September 21, 2015
Professor of Theological Studies at Loyola Marymount University
Editor, Journal of the American Academy of Religion
Dr. Amir Hussain is Professor of Theological Studies at Loyola Marymount University in Los Angeles, where he teaches courses on world religions. His own particular specialty is the study of Islam, focusing on contemporary Muslim societies in North America. Although born in Pakistan, Amir came to Canada with his family when he was four. His academic degrees (BSc, MA, PhD) are all from the University of Toronto where he received a number of awards, including the university’s highest award for alumni service. Amir’s PhD dissertation was on Muslim communities in Toronto. For 2011 to 2015, Amir is the editor of the Journal of the American Academy of Religion, the premier scholarly journal for the study of religion.
Professor of History at Gordon College
Jennifer Hevelone-Harper, Professor of History at Gordon College in Wenham Massachusetts where she teaches courses in Medieval Europe, Eastern European Byzantium and the Caucasus, and Medieval and Early Modern Europe. She has also taught with the Gordon in Orvieto seminar program located in Orvieto, Italy. She received her Ph.D. and M.A. from Princeton University and an M.A. from the University of Chicago and her undergraduate degree from Gordon College. She is the author of Disciples in the Desert: Monks, Laity and Spiritual Authority in the Sixth Century (Johns Hopkins University, 2005). She also contributed “Desert Fathers and Desert Literature” in the Encyclopedia of Ancient History (Oxford, 2010) and the chapter “The Three Heirs of Rome in the Sixth Century” in the forthcoming book, A History of World Civilization (Triangle Publishing). Jennifer lives with her husband and 4 children in Ipswich, Massachusetts.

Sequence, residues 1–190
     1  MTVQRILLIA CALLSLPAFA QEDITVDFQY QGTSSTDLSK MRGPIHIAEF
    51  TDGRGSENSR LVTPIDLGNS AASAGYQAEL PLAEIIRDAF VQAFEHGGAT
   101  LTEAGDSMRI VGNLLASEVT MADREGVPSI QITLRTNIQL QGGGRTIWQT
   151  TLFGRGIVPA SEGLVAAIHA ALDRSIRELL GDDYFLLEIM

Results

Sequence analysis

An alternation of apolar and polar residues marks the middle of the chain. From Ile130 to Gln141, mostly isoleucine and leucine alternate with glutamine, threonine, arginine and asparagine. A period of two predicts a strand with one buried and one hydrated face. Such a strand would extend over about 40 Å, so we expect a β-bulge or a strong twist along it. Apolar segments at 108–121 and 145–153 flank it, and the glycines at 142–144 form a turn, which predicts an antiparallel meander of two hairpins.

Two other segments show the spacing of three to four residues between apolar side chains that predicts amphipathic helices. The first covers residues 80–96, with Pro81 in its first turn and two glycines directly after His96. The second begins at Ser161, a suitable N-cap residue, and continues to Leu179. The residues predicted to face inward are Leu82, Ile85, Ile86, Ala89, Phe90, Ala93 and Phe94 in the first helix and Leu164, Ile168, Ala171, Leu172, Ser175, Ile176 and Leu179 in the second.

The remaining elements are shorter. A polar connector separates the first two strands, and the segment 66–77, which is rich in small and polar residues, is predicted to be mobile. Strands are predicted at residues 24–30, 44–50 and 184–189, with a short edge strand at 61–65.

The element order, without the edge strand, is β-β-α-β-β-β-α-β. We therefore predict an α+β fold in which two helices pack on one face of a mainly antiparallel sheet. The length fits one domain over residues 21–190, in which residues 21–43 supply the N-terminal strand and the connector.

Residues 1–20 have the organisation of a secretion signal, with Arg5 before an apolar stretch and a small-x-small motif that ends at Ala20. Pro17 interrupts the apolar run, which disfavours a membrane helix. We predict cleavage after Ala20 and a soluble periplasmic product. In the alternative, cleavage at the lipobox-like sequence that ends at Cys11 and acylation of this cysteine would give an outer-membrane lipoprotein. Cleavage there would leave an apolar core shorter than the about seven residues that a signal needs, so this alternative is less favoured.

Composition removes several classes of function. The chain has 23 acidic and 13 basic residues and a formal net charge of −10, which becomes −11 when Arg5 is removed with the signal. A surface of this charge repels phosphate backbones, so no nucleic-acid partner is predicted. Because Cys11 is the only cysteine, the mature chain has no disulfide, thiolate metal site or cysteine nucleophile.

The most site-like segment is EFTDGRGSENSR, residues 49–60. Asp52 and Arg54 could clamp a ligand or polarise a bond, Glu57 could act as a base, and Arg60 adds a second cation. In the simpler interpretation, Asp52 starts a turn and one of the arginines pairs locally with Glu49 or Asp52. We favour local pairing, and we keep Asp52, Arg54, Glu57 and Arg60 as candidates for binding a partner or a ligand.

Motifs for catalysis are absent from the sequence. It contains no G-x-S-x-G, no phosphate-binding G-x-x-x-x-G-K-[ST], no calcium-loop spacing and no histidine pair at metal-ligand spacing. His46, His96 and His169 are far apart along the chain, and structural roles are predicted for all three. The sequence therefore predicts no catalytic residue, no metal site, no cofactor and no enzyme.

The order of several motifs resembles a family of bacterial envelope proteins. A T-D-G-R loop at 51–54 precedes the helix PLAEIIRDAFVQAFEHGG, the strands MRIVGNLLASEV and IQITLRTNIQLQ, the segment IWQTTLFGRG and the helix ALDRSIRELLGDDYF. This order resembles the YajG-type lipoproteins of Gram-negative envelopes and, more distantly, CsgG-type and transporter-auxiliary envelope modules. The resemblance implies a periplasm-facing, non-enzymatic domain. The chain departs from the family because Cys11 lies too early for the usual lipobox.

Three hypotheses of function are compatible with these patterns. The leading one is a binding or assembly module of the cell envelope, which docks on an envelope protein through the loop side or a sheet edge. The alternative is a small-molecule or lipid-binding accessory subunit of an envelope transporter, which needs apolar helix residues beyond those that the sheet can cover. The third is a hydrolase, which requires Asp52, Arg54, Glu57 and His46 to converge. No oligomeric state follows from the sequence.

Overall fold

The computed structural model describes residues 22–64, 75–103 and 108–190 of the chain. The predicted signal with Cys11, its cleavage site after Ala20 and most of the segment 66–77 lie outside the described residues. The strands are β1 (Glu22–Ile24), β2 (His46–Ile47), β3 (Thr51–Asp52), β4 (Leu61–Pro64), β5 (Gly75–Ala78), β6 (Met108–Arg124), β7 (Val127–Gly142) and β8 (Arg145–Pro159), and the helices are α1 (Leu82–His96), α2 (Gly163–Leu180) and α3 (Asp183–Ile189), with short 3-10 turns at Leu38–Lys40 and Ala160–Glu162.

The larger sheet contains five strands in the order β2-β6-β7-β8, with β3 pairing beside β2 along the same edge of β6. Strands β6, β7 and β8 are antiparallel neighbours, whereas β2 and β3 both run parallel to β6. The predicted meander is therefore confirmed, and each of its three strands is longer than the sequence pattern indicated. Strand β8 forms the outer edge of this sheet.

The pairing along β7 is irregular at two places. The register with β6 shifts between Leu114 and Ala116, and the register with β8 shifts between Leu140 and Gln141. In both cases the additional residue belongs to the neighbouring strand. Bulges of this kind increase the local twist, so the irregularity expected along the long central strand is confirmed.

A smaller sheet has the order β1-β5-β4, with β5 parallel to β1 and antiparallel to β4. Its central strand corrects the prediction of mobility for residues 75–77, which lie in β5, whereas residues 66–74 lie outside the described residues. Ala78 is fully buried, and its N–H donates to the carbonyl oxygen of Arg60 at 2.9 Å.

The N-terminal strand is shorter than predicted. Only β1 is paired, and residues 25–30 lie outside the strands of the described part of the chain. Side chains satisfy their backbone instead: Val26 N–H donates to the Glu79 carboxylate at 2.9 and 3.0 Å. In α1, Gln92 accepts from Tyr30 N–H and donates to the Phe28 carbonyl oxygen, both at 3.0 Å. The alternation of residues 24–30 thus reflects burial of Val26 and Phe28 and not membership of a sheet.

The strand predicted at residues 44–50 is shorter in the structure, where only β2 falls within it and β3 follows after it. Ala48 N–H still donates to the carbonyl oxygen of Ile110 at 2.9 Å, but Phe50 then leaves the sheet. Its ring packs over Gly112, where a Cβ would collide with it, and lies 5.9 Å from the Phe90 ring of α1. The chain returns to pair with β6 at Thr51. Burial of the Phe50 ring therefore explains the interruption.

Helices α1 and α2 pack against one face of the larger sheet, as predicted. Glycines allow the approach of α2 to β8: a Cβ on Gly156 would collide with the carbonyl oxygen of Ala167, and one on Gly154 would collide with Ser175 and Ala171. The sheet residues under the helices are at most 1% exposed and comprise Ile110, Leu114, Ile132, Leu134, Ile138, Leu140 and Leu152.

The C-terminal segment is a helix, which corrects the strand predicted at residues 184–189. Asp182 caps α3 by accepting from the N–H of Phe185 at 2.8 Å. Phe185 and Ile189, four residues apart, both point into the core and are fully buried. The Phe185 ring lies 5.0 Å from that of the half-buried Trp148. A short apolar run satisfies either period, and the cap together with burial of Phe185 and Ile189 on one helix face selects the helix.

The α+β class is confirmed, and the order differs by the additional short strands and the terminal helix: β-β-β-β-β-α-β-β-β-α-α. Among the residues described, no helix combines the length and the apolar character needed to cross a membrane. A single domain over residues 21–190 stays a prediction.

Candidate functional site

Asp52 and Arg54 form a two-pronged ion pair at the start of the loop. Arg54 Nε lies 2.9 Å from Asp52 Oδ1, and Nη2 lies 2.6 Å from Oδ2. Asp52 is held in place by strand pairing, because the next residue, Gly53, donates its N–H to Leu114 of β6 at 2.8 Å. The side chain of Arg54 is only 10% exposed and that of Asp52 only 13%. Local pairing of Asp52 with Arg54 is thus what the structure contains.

Professor of History and Middle Eastern Studies at Biola University
Judith Mendelsohn Rood received her Ph.D. in Modern Middle Eastern History from the University of Chicago and her M.A. in Arab Studies from Georgetown University. She earned her B.A. at New College, an experimental liberal arts college modeled on the Oxford University curriculum, and did undergraduate and graduate work at Hebrew University in Jerusalem. Rood was the first woman ever permitted to undertake research in the Islamic Archives in Jerusalem, and was the first American since 1967 to do so. Her specialization is the Muslim community in Jerusalem during the Ottoman period. She is especially interested in the relations of Muslims, Christians, and Jews from an historical perspective.
Professor of Islamic Studies and Theology at Notre Dame
Gabriel Said Reynolds is Professor of Islamic Studies and Theology at Notre Dame. His research is focused above all on the Qur'an and Muslim-Christian relations. He wrote a dissertation on the remarkable Islamic history of Christianity of Abd al-Jabbar (d. 1025); the dissertation won the Field Prize at Yale and was published (Brill 2004) as A Muslim Theologian in the Sectarian Milieu. Reynolds also prepared an introduction and translation of this history, published (BYU 2008) as The Critique of Christian Origins.